Stepping on a Flea
by Mickey Z.
November 6, 2003
October 25, the twentieth anniversary of a momentous American victory, came and went without a surprising lack of fanfare. I'm talking, of course, about a military operation that warmed Ronald Reagan's cold, cold heart, and was deemed film-worthy by the former mayor of Carmel. Yes, it’s the liberation of Grenada.
In March 1979, socialist leader Maurice Bishop took over Grenada in a bloodless coup. Once deemed "a lovely piece of real estate" by U.S. Secretary of State George Shultz, Grenada is a small East Caribbean island of some 133 square miles and 110,000 inhabitants. Half of its nationals actually live in the People’s Republic of Brooklyn.
The U.S. worked to destabilize the Bishop regime for years but could not have been happy when he was deposed and later murdered by a group more left than he in early October 1983. That's when the U.S. decided to risk awakening this sleeping Caribbean flea by launching a preemptive attack on October 25, 1983.
Reagan said the invasion was "forced on us by events that have no precedent in the eastern Caribbean," leaving the U.S. with “no choice but to act strongly and decisively." (Sound familiar?)
"Grenada has a hundred thousand people who produce a little nutmeg, and you could hardly find it on a map," Noam Chomsky explains. "But when Grenada began to undergo a mild social revolution, Washington quickly moved to destroy the threat."
After adding the obligatory statements about Soviet and Cuban designs on the island, Reagan sent roughly two thousand American marines in to lead an operation called "Urgent Fury." The fighting was over in a week. Casualties included 135 Americans killed or wounded, 84 Cubans, and some 400 Grenadians.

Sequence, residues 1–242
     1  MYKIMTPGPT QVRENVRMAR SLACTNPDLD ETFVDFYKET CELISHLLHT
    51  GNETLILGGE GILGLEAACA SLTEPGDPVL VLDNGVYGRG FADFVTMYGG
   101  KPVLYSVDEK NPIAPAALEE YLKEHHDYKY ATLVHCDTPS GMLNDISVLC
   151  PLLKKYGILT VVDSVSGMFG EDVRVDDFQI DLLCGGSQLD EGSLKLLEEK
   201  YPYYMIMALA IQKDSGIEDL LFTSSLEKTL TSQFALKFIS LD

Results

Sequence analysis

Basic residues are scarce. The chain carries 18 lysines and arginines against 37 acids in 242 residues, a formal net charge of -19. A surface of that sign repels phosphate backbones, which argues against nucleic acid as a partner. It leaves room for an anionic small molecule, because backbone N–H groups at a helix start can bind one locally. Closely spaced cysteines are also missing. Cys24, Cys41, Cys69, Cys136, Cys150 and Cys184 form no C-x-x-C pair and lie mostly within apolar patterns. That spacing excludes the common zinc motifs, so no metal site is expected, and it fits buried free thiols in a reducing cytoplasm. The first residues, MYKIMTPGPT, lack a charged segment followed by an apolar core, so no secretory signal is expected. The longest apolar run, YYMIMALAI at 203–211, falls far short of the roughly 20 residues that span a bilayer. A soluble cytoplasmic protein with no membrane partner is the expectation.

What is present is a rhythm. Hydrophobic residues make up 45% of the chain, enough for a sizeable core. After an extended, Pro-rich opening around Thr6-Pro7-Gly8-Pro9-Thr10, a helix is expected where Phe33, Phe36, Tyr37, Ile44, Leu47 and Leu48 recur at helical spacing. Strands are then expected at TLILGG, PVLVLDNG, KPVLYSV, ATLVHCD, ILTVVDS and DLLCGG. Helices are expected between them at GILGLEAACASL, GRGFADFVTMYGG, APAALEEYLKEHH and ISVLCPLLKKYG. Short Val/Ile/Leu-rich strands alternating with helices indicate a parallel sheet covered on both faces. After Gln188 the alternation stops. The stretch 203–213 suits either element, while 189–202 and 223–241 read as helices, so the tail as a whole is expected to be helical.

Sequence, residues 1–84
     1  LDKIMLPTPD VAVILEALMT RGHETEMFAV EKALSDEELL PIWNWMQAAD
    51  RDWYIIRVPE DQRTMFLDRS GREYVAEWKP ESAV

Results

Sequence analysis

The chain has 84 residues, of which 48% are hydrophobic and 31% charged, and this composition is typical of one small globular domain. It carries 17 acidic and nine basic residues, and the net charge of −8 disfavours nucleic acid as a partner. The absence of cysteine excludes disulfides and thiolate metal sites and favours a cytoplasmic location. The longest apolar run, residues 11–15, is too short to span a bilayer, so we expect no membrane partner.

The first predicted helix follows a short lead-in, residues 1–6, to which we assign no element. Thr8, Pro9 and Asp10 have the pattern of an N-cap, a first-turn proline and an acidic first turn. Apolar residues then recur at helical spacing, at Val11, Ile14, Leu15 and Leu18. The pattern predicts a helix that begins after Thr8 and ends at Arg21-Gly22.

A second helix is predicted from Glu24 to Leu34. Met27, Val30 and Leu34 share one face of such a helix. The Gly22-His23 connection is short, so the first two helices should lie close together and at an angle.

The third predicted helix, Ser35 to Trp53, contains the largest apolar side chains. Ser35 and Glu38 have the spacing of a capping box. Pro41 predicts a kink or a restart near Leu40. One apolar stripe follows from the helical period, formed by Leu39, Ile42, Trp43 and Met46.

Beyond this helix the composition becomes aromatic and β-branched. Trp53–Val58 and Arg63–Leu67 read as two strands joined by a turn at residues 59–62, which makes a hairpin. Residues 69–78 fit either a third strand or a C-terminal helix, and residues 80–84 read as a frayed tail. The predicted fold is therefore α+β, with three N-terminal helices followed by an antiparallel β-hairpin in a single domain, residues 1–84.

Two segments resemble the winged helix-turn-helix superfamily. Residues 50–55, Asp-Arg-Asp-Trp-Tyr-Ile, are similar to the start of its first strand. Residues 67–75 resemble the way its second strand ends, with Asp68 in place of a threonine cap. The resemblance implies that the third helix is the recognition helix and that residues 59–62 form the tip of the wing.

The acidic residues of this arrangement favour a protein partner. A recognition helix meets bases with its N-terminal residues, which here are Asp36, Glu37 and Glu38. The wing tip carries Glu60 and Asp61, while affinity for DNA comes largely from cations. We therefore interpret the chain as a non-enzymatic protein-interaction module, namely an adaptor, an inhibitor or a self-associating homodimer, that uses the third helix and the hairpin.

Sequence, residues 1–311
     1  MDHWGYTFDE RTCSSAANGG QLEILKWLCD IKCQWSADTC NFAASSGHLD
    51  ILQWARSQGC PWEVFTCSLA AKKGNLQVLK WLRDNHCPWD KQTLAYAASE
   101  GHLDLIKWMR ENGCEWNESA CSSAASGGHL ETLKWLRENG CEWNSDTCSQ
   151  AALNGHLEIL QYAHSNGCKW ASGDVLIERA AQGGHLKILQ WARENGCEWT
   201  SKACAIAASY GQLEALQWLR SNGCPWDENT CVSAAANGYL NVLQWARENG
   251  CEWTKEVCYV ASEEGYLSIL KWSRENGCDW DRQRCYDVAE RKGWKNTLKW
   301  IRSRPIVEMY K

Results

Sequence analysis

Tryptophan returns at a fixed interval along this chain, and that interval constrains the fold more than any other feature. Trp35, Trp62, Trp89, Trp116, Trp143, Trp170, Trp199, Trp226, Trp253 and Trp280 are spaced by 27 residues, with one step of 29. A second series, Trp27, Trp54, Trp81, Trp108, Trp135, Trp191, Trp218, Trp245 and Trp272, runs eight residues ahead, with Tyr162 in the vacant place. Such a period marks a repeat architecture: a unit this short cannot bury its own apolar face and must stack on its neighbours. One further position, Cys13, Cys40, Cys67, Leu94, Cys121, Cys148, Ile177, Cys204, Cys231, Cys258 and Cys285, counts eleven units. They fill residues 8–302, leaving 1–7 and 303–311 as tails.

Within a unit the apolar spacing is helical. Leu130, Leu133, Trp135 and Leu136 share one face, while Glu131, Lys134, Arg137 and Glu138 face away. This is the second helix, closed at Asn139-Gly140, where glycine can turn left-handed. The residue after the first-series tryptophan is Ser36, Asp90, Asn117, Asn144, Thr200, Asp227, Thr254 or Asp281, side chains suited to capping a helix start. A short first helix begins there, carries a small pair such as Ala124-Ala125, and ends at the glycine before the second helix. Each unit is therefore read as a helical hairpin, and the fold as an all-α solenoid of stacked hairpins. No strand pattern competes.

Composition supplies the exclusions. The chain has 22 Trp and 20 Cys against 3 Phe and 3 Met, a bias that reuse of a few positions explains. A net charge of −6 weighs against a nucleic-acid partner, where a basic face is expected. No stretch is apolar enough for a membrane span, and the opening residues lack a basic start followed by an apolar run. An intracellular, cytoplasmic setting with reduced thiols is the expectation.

"The American media rarely mentioned Grenadian casualties of U.S. aggression," explains Ramsey Clark. "It barely reported the mental hospital destroyed by a Navy jet, leaving more than 20 dead." (Sound familiar?)
A Wall Street Journal headline blared: U.S. INVADES GRENADA IN WARNING TO RUSSIA AND CUBA ABOUT EXPANSION IN THE CARIBBEAN. It was also a warning to potential critics.
"The invasion was already under way, so even if we opposed it, there was nothing any of us could do," House Speaker Tip O'Neil said at the time. "I had some serious reservations, and I'm sure my Democratic colleagues did as well, but I'd be damned if I was going to voice any criticism while our boys were out there." (Sound familiar?)
With “detainees” still in custody at Guantanamo Bay, one group did commemorate the 20th anniversary of the Grenada invasion. Amnesty International highlighted the plight of the "Grenada 17.” Amnesty's UK media director, Lesley Warner, explained that these 17 prisoners were detained after the invasion and tried under controversial circumstances. "These people were initially held without charge in cages, before being tried before an unfair, ad-hoc tribunal. They were denied access to legal counsel and to documents needed for their defense," Warner told The Guardian. "After sentencing, the Grenada 17 were held in tiny cells with lights left permanently on.” (Sound familiar?)
Reagan, stopping short of donning a flight suit, made a speech on the fourth day of the invasion, which, according to journalist William Blum “succeeded in giving jingoism a bad name." "The president managed to link the invasion of Grenada with the shooting down of a Korean airliner by the Soviet Union, the killing of U.S. soldiers in Lebanon, and the taking of American hostages in Iran,” says Blum. “Clearly, the invasion symbolized an end to this string of humiliations for the United States. Even Vietnam was being avenged. To commemorate the American Renaissance, some 7,000 U.S. servicemen were designated heroes of the republic and decorated with medals. (Many had done no more than sit on ships near the island.) American had regained its manhood, by stepping on a flea."
It’s all too familiar!
Mickey Z. is the author of The Murdering of My Years: Artists and Activists Making Ends Meet (www.murderingofmyyears.com) and an editor at Wide Angle (www.wideangleny.com). He can be reached at: firstname.lastname@example.org.
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